Being involved in a road traffic accident is always a traumatic experience. A recent public consultation on road safety carried out by the government recognised the vulnerability of pedestrians and cyclists in particular.
Did you know that 467 pedestrians and 87 cyclists died as a result of road traffic collisions involving at least one vehicle in 2017 alone? It makes for uncomfortable reading.
Whether you’ve been involved in a major accident or minor incident, you’re likely to be in a state of shock in the immediate aftermath. Thinking rationally and gathering factual details of what just happened will be the last thing on your mind. However, it is essential that you keep your wits about you at this crucial time.
The reason is simple. You may decide to bring a personal injury claim at a later date. The realisation that the incident was someone else’s fault may not dawn until a few days after the event, and it’s all those key bits of information that are critical if you decide to make a claim. For a solicitor to be able to put a strong case together to get you the full amount of compensation you need for your injury and recovery, the more evidence you can supply, the better.
1. Collect key information
Trauma and shock can have a profound impact on a person’s memory. Being in a road accident can make it difficult to remember exactly what happened and who was involved after time has passed. That’s why it is so important to take notes while you’re at the scene of the accident. With accurate evidence, your solicitor can get a clearer picture of the course of events leading up to the accident.
Your note taking should include
• Names, contact information and insurance details of everyone involved in the road accident, along with registration numbers of the vehicles concerned.
• Names and contact details of any witnesses of the accident. They may need to be contacted by your solicitor at a later date to get an unbiased view of what took place.
• A detailed account of what exactly happened. Wherever possible, take photos of the scene of the accident, or even draw a simple sketch by hand to help you remember the position of the vehicle(s) and the direction of travel.
2. Pull over after an accident
If you’re the driver of a car involved in a road traffic accident, whether or not it was your fault, you are legally obliged to stop if
• One or more persons have been injured
• An animal has been hit
• Property has been damaged
Your first instinct may be to apologise to the injured party for any harm that has come to them, especially if you sincerely believe that you were at fault. However, lawyers tend to advise against this since an apology could be taken as an admission of guilt, even though liability or culpability for the crash has not yet been established by the court.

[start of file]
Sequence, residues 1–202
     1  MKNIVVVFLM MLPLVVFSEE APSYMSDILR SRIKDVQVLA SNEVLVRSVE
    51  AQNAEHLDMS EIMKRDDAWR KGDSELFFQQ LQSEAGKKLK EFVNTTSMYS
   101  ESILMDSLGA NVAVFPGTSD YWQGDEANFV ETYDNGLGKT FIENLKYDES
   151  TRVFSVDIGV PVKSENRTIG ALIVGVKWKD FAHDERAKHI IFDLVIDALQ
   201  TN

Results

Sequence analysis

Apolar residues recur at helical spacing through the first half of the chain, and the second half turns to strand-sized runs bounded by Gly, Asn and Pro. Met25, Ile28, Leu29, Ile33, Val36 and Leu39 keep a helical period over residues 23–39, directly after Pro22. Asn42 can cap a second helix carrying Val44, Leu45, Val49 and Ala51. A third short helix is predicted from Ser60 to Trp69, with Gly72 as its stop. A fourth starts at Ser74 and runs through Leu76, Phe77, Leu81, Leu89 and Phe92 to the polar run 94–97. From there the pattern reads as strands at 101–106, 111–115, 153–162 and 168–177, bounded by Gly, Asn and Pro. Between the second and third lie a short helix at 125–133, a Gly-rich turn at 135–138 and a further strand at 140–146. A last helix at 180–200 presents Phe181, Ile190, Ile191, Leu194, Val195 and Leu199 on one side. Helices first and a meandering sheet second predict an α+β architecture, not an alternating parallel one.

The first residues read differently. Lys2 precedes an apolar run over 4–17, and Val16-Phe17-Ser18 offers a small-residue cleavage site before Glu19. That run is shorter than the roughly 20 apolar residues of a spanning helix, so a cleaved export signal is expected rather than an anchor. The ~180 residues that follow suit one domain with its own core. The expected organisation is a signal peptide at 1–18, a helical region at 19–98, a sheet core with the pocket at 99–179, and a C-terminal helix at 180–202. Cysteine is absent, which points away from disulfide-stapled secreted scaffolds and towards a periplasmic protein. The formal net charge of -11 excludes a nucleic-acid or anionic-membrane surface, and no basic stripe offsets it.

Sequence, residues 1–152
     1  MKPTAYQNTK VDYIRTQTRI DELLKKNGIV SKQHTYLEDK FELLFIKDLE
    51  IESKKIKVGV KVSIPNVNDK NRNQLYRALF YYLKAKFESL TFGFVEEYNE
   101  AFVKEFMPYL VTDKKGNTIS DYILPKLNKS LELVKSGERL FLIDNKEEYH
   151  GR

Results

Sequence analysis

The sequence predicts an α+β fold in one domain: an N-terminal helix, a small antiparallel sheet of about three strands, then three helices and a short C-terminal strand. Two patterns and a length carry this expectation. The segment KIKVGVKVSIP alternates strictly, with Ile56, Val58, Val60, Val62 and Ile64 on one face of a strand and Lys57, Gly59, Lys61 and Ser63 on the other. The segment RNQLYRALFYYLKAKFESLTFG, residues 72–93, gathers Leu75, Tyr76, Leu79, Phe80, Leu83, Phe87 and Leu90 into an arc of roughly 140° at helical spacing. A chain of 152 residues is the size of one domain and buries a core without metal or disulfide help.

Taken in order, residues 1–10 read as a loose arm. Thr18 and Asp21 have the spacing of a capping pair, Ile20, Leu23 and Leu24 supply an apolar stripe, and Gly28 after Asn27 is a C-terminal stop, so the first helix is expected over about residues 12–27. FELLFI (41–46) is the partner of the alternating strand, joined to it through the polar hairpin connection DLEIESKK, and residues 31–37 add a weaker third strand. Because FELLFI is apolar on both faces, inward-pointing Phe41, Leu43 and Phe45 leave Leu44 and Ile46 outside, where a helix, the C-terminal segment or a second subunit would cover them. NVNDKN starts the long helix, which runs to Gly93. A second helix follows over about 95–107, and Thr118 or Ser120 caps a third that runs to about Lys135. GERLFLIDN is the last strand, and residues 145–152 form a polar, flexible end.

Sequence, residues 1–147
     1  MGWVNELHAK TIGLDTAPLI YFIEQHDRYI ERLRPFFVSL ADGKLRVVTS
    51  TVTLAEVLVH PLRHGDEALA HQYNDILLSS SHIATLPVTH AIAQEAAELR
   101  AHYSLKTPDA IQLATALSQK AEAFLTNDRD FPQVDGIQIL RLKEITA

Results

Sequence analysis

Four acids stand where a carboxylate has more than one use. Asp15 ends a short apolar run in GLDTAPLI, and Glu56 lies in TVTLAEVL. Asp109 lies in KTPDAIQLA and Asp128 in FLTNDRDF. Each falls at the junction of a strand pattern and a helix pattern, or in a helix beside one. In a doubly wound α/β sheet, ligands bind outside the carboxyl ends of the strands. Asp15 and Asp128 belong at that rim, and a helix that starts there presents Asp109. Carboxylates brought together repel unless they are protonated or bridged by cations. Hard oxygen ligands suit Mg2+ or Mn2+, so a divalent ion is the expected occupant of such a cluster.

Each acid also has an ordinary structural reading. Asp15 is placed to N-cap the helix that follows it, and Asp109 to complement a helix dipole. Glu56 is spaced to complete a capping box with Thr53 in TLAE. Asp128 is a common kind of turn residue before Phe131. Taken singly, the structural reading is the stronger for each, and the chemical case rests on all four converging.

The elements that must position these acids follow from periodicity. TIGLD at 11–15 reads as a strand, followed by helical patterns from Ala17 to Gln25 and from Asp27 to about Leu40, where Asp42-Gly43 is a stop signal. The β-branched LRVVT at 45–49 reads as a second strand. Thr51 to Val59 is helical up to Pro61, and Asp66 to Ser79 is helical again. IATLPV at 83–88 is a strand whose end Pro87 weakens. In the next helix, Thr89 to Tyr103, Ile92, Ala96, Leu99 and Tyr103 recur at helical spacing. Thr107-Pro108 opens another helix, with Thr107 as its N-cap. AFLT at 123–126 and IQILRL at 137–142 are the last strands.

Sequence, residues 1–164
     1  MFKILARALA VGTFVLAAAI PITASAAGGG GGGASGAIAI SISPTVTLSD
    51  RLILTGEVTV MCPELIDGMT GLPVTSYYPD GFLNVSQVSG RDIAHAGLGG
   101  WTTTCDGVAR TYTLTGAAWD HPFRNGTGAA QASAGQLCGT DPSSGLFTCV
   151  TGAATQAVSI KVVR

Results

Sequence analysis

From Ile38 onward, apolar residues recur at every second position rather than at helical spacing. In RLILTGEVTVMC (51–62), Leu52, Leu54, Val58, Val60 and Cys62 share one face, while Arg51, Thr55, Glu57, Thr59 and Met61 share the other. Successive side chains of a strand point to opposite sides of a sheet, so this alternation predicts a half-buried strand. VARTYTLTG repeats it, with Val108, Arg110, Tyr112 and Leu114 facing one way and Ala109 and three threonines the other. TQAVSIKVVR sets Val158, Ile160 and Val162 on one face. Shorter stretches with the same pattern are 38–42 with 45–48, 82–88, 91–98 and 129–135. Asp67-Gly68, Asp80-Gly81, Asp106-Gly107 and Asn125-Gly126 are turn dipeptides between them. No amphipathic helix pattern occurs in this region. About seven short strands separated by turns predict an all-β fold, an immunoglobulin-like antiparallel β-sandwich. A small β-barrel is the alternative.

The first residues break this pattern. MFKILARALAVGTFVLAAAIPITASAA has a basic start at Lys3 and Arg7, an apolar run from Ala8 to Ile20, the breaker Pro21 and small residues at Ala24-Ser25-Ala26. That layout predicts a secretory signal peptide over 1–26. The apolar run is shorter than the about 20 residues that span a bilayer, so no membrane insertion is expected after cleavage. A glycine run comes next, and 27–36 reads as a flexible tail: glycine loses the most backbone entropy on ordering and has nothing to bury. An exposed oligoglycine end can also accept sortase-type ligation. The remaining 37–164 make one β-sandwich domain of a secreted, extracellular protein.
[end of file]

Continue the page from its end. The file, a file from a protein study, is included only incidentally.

This may well be the reason behind Prince Philip’s lack of apology in the recent furore surrounding the car accident he was involved in.
3. Seek medical help
If you’ve been involved in a road accident, you should seek medical advice as soon as possible, Go to A&E or see a doctor straight away, even if this seems excessive and you’re sure that no harm has come to you. You may well have been injured without realising it straight away, and it’s always better to be safe than sorry.
Some potentially serious conditions, such as whiplash, can take hours or days to manifest, while injuries including fractures, internal bleeding and brain injuries may need in-depth medical examination to be confirmed.
If you have been unable to work or in need of medical care in the aftermath of the accident, you are advised to keep a record of any expenses incurred, plus make a note of any earnings lost. When your compensation payment is worked out, this will be taken into account to make sure you’re not out of pocket.
4. Bring a claim for compensation
If you think you’ve been injured in a road accident through no fault of your own, it may be possible to claim for compensation. You should work with a specialist personal injury solicitor who will help you make a claim for
• Physical and mental pain and suffering
• Loss of earnings and future loss of earnings
• Expenses incurred, e.g. travel costs, damage to personal effects, prescription costs, help from family members
• Equipment and nursing care costs
While the prospect of bringing a legal claim for personal injury compensation may be a daunting prospect, it is essential to safeguard you own wellbeing. A successful claim means that you can get the money you need to move on with your life.